Less than three months after President Harry S. Truman took office upon the death of Franklin D. Roosevelt, he traveled to Potsdam, Germany to meet with other Allied leaders.
The Conference issued the Potsdam Declaration on July 26. The Declaration set forth the Allied surrender terms for Japan and the alternative of "prompt and utter destruction" if they did not surrender. Truman edited this draft, which he sent to General Chiang Kai-shek through the United States Ambassador to China.
After the discovery and liberation of the concentration camps, the calls for a Jewish homeland in Palestine increased. The British controlled Palestine and strictly limited immigration into the region. In this memo to Churchill, Truman urges swift consideration of the problems so they can move toward resolution.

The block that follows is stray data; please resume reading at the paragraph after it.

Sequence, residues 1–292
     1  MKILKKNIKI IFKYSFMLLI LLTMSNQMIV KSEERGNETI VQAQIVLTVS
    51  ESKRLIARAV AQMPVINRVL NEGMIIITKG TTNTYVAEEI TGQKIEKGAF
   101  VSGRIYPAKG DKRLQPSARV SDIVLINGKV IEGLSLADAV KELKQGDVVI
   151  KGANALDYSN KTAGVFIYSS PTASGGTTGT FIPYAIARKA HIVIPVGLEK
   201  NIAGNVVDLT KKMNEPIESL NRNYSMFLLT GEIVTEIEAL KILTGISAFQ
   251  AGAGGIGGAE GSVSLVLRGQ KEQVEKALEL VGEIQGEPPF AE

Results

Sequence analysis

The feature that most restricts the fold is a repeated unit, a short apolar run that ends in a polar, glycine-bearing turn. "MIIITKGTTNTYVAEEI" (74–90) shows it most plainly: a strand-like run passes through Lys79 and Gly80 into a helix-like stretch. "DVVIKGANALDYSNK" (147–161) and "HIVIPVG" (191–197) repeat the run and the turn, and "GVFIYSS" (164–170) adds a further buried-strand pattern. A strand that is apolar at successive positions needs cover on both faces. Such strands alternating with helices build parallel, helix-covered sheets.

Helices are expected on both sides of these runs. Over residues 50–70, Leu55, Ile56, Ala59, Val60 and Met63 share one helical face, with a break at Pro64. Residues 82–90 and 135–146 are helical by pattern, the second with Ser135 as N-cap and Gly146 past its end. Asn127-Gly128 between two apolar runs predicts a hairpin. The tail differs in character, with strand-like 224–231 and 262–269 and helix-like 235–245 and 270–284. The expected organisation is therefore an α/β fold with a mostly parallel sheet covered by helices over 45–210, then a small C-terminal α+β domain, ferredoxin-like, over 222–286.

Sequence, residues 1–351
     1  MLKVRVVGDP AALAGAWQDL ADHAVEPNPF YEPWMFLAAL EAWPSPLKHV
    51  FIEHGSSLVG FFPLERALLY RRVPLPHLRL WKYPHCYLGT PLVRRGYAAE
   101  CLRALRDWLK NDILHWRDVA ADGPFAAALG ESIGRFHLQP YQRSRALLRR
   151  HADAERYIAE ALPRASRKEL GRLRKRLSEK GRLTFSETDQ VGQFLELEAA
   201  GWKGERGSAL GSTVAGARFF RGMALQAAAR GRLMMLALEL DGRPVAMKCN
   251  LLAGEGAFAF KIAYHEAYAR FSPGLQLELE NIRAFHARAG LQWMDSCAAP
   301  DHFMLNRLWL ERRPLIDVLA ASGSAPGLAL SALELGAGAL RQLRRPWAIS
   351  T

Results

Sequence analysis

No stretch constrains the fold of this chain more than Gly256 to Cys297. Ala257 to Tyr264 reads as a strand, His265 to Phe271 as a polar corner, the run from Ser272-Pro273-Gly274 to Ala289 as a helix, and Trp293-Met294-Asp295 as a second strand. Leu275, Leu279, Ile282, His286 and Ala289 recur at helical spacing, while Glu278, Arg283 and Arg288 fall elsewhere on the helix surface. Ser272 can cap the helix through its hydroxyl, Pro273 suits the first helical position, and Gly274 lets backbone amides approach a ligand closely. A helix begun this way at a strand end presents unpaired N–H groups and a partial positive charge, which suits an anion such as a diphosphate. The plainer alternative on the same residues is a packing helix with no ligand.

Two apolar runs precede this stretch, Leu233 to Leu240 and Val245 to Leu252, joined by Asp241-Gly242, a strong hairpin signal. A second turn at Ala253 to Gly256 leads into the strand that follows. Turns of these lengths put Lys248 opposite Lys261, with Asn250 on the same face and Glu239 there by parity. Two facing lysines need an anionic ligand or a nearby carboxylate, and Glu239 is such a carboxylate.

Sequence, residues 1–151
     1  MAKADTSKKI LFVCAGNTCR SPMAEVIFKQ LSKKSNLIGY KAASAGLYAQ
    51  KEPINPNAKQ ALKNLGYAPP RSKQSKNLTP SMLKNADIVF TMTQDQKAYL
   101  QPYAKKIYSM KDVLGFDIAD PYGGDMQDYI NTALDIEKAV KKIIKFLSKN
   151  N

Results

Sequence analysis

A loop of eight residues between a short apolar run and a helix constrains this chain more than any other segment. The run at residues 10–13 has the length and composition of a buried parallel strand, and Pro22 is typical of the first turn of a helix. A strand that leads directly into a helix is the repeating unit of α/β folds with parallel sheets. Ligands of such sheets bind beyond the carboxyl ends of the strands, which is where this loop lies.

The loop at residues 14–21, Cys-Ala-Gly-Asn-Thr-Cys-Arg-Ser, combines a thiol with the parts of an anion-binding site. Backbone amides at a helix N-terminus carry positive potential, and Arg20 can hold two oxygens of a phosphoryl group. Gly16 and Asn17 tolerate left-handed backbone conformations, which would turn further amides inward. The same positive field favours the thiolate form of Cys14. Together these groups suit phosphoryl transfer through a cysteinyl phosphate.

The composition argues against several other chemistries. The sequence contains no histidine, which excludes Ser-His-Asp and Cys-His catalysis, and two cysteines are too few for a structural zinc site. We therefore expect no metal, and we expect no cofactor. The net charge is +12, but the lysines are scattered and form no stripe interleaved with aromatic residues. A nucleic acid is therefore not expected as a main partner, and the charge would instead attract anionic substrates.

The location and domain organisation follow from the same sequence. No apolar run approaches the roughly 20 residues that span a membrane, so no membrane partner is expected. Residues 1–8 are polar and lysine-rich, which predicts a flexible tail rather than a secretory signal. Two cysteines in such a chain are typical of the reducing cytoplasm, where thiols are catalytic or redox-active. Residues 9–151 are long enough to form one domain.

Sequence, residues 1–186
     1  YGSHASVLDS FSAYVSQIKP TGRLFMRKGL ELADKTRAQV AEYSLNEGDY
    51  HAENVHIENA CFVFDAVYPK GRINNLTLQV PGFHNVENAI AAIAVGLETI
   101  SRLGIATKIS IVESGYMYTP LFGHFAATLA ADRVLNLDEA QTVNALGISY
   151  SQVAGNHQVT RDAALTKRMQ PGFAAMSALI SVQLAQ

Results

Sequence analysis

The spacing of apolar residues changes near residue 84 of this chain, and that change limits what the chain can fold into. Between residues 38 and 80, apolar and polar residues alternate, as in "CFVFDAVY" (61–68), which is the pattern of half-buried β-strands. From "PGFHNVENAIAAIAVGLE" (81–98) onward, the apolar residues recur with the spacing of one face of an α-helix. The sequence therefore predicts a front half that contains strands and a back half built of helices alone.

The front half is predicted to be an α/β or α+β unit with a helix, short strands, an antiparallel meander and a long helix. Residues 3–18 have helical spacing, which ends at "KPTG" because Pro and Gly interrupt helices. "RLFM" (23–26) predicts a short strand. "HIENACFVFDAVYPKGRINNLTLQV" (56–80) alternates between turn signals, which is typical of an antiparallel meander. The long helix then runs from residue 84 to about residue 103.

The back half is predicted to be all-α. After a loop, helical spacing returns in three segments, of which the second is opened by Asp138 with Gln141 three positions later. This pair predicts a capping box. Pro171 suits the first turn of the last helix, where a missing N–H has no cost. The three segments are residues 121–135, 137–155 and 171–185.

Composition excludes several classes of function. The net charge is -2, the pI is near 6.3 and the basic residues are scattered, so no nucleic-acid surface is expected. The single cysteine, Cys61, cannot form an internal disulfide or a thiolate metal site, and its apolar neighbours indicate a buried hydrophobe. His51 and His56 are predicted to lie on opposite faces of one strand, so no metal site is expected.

German occupation of Europe during the war and Allied efforts to defeat Germany left a trail of devastation across Europe. In addition of food supplies, coal for home and industrial use remained scarce. Truman saw this need and wrote this memo to Stalin to try and work out a joint Allied plan to provide coal for both Germany and the rest of Europe.
The specter of the atomic bomb hung over the delegations at the Conference, particularly the United States. After the successful test in New Mexico, and the rapid developments in the Far East, Truman's Secretary of War sent him this memo regarding the release of the press release about the bomb. Truman's handwritten draft reply is on the back.
Harry S. Truman Presidential Library and Museum